Pippigirl - Yes, you are right. I don't want to put her on steroids (I have had to use them personally in the past) and I don't really feel she's in distress to the point of needing them. Should the day come when she's in trouble and does need something of the sort I will not withhold them from her. At this point, you are exactly right, I'm looking for supportive options to address the allergic reactions to reduce the cough. I know the cough is a symptom, not the root of the issue. Thank you for the products you've listed. I will check them out.

    Risky Business - I have also heard good things about SmartPak's Breathe products. I may just try that one.

    I'm specifically looking for these kinds of suggestions so that I can research the options available and make the best decision for her.

    Thank you all so much for chiming in!



  13. #13
    Join Date
    Jul. 28, 2004
    Location
    Texas
    Posts
    2,055

    Default

    MY horse does the same thing. Mostly when he starts to canter. He has for years. It is not seasonal at all. I have him on Smartbreathe. The coughing is not completely gone, but much better.
    Rest in peace Claudius, we will miss you.



  14. #14
    Join Date
    Aug. 30, 2007
    Location
    Illinois, USA
    Posts
    8,261

    Default

    How about an antihistimine? Not as many risks of side effects (I think) and you can even buy it without prescription. I had my mare on Anihist and it helped some.

    What did help my girl the most was a nose net. Looks dorky, but works well.
    Tell a Gelding. Ask a Stallion. Discuss it with a Mare... Pray if it's a Pony!



  15. #15
    Join Date
    May. 17, 2003
    Posts
    5,655

    Default

    I think I might want to find out more specifically what she is allergic to, in the hopes that it might be something I could attempt to minimize or eliminate in her life.



  16. #16
    Join Date
    Jan. 9, 2012
    Location
    New Ringgold, PA
    Posts
    86

    Default

    Cough Free, I've had luck w/ that!
    Royal Guardian- aka "Gabe"



  17. #17
    Join Date
    Dec. 18, 2006
    Location
    Florida
    Posts
    62

    Default

    Well, we know that mold spores are one of her triggers, and living in FL where it's warm, humid, and moist most of the year makes for a very difficult environment in eliminating exposure. She has the issue year round, though some days less, some days more.



  18. #18
    Join Date
    Jan. 10, 2007
    Location
    Bonner Springs, KS
    Posts
    151

    Default Same issue with my horse

    My horse also suffered from exercised induced airway obstruction caused by allergies. We live in the midwest so his was seasonal. And I understand not wanting to go the steroid route....I did that for two show seasons in order to control it enough for showing. I also did the turnout, steamed hay, special bedding (shredded paper) etc, etc, etc. All helped but did not alleviate his condition.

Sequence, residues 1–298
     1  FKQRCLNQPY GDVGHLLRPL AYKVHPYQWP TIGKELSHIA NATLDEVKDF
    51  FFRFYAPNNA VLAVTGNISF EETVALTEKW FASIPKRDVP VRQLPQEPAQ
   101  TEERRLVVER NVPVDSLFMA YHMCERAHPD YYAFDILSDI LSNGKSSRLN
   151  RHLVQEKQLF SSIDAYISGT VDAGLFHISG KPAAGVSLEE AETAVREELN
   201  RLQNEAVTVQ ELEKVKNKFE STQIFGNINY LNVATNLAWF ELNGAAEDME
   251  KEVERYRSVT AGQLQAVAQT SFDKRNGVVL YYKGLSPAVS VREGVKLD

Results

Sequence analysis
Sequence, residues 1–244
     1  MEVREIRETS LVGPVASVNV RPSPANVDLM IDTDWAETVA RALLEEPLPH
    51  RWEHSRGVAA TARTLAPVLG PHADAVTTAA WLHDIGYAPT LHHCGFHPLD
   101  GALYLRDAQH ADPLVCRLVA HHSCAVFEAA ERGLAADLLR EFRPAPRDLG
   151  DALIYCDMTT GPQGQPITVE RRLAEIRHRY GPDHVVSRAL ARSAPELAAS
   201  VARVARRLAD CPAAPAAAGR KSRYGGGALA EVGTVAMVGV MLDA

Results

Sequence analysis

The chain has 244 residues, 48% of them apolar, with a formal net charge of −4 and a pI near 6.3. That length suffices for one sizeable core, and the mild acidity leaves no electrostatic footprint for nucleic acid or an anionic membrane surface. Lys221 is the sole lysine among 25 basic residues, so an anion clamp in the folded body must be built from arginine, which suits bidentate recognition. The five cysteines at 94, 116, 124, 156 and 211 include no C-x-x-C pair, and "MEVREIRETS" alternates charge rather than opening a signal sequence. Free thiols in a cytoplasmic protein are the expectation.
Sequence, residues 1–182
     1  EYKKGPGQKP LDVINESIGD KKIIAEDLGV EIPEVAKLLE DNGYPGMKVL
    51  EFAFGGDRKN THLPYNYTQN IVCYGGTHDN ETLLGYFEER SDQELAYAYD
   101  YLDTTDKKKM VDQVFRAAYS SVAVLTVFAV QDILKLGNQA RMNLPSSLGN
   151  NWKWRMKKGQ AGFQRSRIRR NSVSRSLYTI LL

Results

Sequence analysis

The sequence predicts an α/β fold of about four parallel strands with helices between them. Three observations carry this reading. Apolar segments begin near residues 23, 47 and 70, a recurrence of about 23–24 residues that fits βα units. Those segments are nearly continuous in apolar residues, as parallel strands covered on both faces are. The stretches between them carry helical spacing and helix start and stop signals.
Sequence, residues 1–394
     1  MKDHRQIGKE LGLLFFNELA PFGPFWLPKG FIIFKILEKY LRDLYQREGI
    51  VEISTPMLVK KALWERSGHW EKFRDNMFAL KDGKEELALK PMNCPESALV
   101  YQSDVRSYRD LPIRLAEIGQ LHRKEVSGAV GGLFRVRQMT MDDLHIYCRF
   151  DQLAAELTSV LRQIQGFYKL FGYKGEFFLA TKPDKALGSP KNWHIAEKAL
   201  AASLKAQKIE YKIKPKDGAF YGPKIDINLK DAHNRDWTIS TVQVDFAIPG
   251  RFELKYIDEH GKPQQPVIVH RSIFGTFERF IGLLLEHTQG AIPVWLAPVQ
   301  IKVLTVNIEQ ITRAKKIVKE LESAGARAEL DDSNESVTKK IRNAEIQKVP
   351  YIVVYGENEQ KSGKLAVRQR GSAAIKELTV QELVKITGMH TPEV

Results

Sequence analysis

After the second year I worked with a wholistic DVM who also had extensive training in Chinese medicine. I didn't go into it believing that herbal medicine would help that much but I am now a total believer. As one poster said, herbs are not neccesarily safer so I highly recommend working with a DVM who knows what they are doing. And if your horse is like mine was, the over the counter supplements will not help that much.

    My boy was on several herbal medicines for two years and we also moved him to a more wholistic diet removing processed grains. Two years later we do not have to use anything now as the wholistic, herbal treatment alleviated the issue. just a whole grain diet. he is back on pine shavings, regular hay but does have a run off his stall so he is out most of the time.

    So I would highly recommend working with an expert in Chinese medicine and trying the herbal route. It made all the difference in my boy's quality of life.

    as a side note, he is also allergic to the silicone coating on needles so we had to research and find non-silicone needles. Otherwise he gets a huge welt at the injection site.

    good luck
    m



  19. #19
    Join Date
    Mar. 26, 2005
    Location
    Back to Normal.. or as close as I'll ever get
    Posts
    9,706

    Default

    Quote Originally Posted by D Taylor View Post
    Suggest you try cob bedding. Becks Better Bedding is very dust free and easy to clean. Be advised some horses eat it like popcorn
    Have to issue a PSA & Caveat:
    I had a horse develop RAD about 6 months after I started using corn cob bedding - oddly enough it was Beck's brand.
    After stripping his stall and rebedding with shavings plus 6mo on Clenbuterol (Ventipulmin) his symptoms disappeared.
    My vet listening to his lungs said if he hadn't heard the rales previously, he never would have guessed this horse had symptoms.

    My other horse never had a problem with the cob bedding, but Better Safe, right?
    Neither one ever showed an interest in eating it.
    *friend of bar.ka*RIP all my lovely boys, gone too soon:
    Steppin' Out 1988-2004
    Hey Vern! 1982-2009
    Cash's Bay Threat 1994-2009



  20. #20
    Join Date
    Nov. 30, 2006
    Posts
    1,132

    Default

    Medication of ANY sort is not better than removing the source.

    Do you have round bales outside? If you do, nothing you do to the hay inside or the bedding will make a lick of difference.